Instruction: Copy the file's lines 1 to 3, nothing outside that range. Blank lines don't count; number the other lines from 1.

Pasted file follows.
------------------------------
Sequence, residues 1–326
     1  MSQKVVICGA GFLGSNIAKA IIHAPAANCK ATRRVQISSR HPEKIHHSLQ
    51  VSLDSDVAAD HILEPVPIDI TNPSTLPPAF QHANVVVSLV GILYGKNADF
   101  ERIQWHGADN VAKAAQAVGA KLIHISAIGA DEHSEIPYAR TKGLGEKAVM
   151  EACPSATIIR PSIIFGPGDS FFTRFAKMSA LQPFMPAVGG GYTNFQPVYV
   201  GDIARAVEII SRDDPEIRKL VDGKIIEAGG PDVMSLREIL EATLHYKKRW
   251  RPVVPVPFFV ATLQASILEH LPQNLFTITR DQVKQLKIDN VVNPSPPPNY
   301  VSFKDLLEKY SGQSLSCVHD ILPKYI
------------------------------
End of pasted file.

Sequence, residues 1–326
     1  MSQKVVICGA GFLGSNIAKA IIHAPAANCK ATRRVQISSR HPEKIHHSLQ
    51  VSLDSDVAAD HILEPVPIDI TNPSTLPPAF QHANVVVSLV GILYGKNADF